The State Department will defer enforcement of its new public charge rule while it develops new forms and procedures to implement the rule. Until further notice, visa applicants will not be subject to heightened scrutiny of their finances, health and other personal circumstances contemplated under the regulation.
The State Department’s public charge regulation – originally set to take effect on October 15 – would impose a higher standard on visa applicants to establish that they are not likely to become a public charge of the U.S. government. Under the rule, consular officers would review each visa applicant under a “totality of circumstances” test that would include consideration of the applicant’s age, household size, income, finances, receipt of certain public benefits, health, education and skills.
The rule mirrors a Department of Homeland Security public charge rule that was also scheduled to take effect on October 15, but has been blocked by numerous federal courts. The court injunctions did not directly affect the State Department rule, but further lawsuits could challenge that regulation as well.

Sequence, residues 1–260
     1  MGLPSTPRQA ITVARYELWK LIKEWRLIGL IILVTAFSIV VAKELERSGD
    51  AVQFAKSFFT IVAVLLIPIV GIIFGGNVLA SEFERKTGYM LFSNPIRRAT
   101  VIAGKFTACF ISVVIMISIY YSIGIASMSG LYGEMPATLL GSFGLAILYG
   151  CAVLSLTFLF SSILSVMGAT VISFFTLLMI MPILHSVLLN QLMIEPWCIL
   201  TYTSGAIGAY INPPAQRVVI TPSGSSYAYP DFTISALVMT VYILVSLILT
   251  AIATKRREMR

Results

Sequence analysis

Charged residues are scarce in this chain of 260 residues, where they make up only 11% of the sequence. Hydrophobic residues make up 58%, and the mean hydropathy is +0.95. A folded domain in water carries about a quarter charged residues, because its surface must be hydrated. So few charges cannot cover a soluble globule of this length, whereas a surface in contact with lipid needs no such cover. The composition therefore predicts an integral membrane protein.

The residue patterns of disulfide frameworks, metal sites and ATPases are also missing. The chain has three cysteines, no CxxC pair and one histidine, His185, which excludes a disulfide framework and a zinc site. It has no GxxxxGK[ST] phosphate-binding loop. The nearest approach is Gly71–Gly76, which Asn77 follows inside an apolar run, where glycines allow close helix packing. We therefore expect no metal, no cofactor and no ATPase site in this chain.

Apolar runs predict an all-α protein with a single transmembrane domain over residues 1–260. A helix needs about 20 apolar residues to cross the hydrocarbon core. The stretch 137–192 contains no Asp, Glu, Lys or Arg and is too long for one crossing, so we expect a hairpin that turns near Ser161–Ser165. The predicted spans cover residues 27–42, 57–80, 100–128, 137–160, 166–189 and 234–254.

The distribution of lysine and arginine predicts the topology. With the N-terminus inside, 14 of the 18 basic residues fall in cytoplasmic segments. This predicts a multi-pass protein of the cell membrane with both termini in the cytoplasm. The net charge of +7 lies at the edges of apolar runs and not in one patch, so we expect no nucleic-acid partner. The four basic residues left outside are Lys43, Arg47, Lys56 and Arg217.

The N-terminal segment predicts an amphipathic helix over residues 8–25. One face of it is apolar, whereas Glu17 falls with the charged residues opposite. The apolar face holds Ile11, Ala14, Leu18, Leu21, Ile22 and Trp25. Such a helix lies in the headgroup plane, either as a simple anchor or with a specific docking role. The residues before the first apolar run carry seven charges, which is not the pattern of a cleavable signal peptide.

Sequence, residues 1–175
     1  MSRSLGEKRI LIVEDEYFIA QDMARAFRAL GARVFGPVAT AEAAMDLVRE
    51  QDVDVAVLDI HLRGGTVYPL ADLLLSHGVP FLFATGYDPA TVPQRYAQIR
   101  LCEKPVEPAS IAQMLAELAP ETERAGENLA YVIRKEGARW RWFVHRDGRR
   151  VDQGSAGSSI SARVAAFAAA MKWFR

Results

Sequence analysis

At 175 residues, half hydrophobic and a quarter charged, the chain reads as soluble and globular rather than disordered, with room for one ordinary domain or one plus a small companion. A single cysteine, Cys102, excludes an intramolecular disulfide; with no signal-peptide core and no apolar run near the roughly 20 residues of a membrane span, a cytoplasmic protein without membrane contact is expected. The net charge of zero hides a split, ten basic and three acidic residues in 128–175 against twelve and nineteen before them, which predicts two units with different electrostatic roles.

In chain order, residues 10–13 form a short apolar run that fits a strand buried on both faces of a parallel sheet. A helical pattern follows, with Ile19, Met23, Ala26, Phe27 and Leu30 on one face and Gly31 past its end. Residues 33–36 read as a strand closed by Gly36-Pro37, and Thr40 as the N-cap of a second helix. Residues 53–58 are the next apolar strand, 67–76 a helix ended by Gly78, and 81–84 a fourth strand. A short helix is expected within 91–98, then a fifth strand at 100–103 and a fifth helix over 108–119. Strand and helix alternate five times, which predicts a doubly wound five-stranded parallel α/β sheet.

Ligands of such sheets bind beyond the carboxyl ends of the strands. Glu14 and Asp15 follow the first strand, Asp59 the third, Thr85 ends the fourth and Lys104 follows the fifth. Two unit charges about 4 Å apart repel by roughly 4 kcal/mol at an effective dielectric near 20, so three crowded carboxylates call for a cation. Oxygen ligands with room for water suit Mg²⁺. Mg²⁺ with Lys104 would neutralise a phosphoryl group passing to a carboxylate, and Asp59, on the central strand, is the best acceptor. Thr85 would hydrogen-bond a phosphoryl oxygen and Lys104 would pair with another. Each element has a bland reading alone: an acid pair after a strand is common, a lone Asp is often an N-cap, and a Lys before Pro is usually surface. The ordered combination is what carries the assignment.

What this means for visa applicants
The State Department announcement means that visa applicants will not be required to submit extensive public charge information for now. However, immigrant visa applicants remain subject to a presidential proclamation that requires them to show that they will have unsubsidized health insurance within 30 days of entry to the United States (or the financial resources to pay for reasonably foreseeable medical expenses); the proclamation will take effect on November 3.